Ontario government outlines how to manage COVID-19 cases in schools
KITCHENER -- Millions of Ontario children will return to school in under two weeks, and with the date fast approaching, the provincial government has offered guidance on managing COVID-19 cases in schools.
Health experts agree that an increase in cases is all but inevitable, as the return to the classroom will be accompanied by the return of several high-risk activities.
"I think we can expect, with more social interactions, there will be more cases of COVID-19. There will be more outbreaks just because there will be more cases," said Waterloo Region's medical officer of health, Dr. Hsiu-Li Wang, during a news briefing on Tuesday.
During the briefing, Dr. Wang said that she was expecting more details on how to manage school outbreaks from the province imminently, and it appears she was right.
At his daily COVID-19 briefing on Wednesday, Ontario Premier Doug Ford was joined by Education Minister Stephen Lecce in revealing the province's guidance on managing cases in schools.
Cases known to be acquired outside of school
In cases where the case was known to be acquired outside of the school but the individual was in class during their communicable period, the case's cohort can be—but doesn't have to be—dismissed for self-isolation. A document from the province shows that there will be exceptions on a case-by-case basis by the local public health unit (or PHU).
"For example, if the case was known to have acquired their infection outside of the school and had very short or limited contact with the school while infectious, the PHU may decide on more limited dismissal," the document explains.
Testing would be done in those who were dismissed as soon as possible, and self-isolation would last for 14 days from the last exposure to the case unless any other cases emerge. The province recommends testing within five to seven days of their last exposure to the case.
Waterloo Region has four testing centres:
- The Grand River Hospital-run drive-thru in the Catalyst parking lot;
- The Cambridge-North Dumfries Community Assessment and Testing Centre at Cambridge Memorial Hospital;
- The St. Mary's General Hospital COVID-19 testing centre; and
- Kitchener-Waterloo-Wilmot-Wellesley-Woolwich (KW4) Community Assessment Centre.
Read more: Here's how you can get tested for COVID-19 in Waterloo Region
The province also listed a number of escalating measures if cases spread amongst students.
Acquisition source unknown, or likely to have come from school
If a case is identified but public health doesn't know where it came from, or if it is likely that it was acquired at school, the measures ramp up.
In this case, a case's cohorts would be dismissed for self-isolation, as would people identified as having high-risk exposure to the case. Those people should be tested as soon as possible, the province's guidance says, and that, even after a negative result, they should be tested again if symptoms develop.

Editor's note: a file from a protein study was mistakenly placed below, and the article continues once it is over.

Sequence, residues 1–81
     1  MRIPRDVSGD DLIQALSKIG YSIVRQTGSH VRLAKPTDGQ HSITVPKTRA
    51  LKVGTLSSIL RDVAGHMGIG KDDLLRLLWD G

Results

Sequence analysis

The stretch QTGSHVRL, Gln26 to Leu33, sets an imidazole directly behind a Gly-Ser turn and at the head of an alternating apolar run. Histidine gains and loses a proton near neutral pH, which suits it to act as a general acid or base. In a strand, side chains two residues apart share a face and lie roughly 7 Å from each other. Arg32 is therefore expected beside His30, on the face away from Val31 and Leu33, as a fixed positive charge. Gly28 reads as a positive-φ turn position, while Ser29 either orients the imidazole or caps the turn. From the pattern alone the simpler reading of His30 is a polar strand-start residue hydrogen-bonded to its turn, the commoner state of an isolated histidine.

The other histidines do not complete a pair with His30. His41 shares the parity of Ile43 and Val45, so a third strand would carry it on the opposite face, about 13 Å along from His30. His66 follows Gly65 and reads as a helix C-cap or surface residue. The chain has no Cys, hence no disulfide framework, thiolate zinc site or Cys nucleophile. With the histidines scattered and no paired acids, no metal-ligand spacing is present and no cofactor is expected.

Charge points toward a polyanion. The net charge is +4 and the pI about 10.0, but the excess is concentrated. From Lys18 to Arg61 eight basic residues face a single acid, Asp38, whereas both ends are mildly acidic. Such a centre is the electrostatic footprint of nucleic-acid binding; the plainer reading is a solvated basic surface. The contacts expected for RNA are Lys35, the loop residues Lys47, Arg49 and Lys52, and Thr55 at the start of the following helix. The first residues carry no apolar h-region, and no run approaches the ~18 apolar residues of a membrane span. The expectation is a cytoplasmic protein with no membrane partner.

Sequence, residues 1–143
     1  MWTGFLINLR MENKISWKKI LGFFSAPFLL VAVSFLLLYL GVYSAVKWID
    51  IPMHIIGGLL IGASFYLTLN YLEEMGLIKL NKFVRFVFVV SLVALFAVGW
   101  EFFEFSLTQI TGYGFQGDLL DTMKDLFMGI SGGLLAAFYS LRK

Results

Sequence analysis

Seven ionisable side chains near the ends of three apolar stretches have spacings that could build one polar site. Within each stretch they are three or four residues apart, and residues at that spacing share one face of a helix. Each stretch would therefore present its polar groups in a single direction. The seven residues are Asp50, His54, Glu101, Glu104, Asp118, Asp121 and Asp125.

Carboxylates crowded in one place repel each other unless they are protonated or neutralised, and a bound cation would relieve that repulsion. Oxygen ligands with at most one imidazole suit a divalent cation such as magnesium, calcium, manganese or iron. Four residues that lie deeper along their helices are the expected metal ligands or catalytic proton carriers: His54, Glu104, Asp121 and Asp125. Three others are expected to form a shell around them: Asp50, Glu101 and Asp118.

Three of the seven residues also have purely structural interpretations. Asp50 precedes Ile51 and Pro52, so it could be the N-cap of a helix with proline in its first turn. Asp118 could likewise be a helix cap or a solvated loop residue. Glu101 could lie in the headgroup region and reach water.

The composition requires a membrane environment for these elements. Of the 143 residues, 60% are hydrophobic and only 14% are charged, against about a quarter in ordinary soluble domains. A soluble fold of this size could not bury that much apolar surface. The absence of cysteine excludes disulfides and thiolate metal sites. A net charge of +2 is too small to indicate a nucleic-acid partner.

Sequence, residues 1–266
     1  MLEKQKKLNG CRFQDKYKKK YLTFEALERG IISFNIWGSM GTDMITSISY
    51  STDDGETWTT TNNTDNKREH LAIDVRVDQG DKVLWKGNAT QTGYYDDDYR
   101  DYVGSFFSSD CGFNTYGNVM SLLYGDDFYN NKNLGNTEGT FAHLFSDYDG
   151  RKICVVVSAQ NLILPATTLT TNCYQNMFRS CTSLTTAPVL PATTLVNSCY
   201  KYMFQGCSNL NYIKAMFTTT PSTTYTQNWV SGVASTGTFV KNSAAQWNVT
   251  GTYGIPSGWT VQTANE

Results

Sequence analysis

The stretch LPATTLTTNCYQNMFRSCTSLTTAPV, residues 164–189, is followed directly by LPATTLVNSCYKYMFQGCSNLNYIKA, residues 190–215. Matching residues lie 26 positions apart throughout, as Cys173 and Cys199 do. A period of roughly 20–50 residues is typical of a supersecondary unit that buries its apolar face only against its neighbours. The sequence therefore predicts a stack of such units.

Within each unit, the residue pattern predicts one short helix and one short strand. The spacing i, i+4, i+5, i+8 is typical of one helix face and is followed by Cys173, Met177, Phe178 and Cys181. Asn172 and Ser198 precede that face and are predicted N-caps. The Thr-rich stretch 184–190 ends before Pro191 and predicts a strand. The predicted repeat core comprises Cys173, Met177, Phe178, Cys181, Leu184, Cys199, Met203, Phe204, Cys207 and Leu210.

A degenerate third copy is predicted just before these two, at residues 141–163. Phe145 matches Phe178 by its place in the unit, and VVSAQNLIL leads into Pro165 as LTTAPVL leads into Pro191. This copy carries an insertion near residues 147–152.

The school should be monitored closely afterwards for symptomatic people, and these should be discussed with Region of Waterloo Public Health.
Managing secondary cases
If a case in a school leads to secondary cases, things ramp up even more. Along with cohorts being dismissed, an outbreak will be declared and public health units are advised to consider closing the school.
In the case of schools, an outbreak is defined as two or more lab-confirmed cases of COVID-19 with an epidemiological link within a two-week period, and where at least one case could have "reasonably acquired their infection in the school." That also includes transportation—like buses—and before- and after-school care.
Infectious disease expert Dr. Abdu Sharkawy told CTV Kitchener on Monday that full buses are an area of high-risk. Currently elementary students will be bused to school with up to 70 children per bus and three kids per seat. Even with masks, Dr. Sharkawy said that buses are not normally well-ventilated, and that options like opening windows aren't effective in the winter when the bus would get too cold.
READ MORE: These back-to-school activities are considered high risk. An infectious disease expert weighs in on how to fix them
The province's guidance showed that an outbreak can be declared over after two weeks with no evidence of ongoing transmission related to exposure in the school. An outbreak does not necessarily mean the whole school will need to close.
Closing a school
Public health officials are advised to dismiss a whole school if there is "evidence of potential widespread transmission within the school," like if several cohorts have been dismissed based on the above criteria.
Testing may be recommended for all school attendees as part of case finding, especially if the link between cases is not easily established. In that case, the province says public health units will need to coordinate with Ontario Health Region to ensure timely access and accessibility to testing options.
The school can reopen as cohorts that don't have evidence of transmission are identified. The outbreak does not necessarily need to be declared over to reopen a school.